Indigenous People's Day for NH - Rights & Democracy NH

Indigenous People's Day Testimony

Testimony in support provided by Savitri Horrigan of Merrimack, NH

Dear Chairman Goley and the Executive Departments and Administration Committee,

Please support HB 221: Establishing Indigenous People’s Day in the State of New Hampshire. Supporting this bill is important for the following reasons:

● Columbus didn’t settle in North America. Columbus' ship went off course landing on Haiti. Columbus and his men committed genocide against indigenous peoples already living on the land through the spread of deadly diseases, forced assimilation, warfare, and massacre. His offenses were so egregious that he returned to Europe at one point in chains, where he was tried for crimes against humanity but later pardoned.

● National observance of Columbus Day has only been around since 1934. President Franklin Delano Roosevelt initiated national observance of this day at the request of the Knights of Columbus and New York City’s Italian community. Dr. Beverly Tatum suggests aligning ourselves with positive role models rather than negative role models from history in order to reduce the feeling of guilt that oftens blocks people with racial privilege from having fruitful conversations about race and equity.

● 87% of references to Native Americans in U.S. curricula are in the context of American history before 1900. This directly causes students to believe that indigenous peoples in North America are long forgotten and no longer around. By erasing their presence and impact in modern society, it becomes easier to dehumanize indigenous folks and support projects like the Dakota Access Pipeline that not only desecrated funeral grounds and raised public health concerns for the people in that area, but also causes environmental degradation that affects all of us.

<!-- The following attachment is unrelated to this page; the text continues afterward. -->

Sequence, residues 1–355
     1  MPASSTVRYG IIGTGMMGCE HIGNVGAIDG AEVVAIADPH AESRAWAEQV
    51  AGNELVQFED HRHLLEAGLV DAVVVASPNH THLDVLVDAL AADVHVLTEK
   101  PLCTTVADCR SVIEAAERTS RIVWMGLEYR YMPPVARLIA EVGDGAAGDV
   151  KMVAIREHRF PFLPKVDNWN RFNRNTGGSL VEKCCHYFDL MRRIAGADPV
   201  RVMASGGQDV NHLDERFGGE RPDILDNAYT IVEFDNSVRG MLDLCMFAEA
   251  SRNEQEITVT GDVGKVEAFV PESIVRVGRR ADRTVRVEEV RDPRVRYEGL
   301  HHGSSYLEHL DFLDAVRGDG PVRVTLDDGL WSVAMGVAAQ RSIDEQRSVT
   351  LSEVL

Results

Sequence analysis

● American Indians and Alaska natives represent the ethnic group with the highest rates of suicidal ideation and nonfatal behavior among youth. Indigenous youth face devastating challenges that are the direct consequence of genocide and intergenerational trauma. Indigenous youth also demonstrate great resiliency and brave activism. Changing the name of this holiday is one step that will contribute to promoting a more supportive environment.

● The Cowasuck Band of the Pennacook Abenaki People are alive and strong. They and other indigenous peoples deserve recognition, justice, and respect. Why not celebrate them? Changing the name of this holiday to Indigenous People’s Day is about honoring history and protecting our cultures. It is about memorializing real heroes, not murderers. Please support HB 221 with no additional amendments.

Savitri Horrigan
NH National Association of Social Workers member
Hillsborough County

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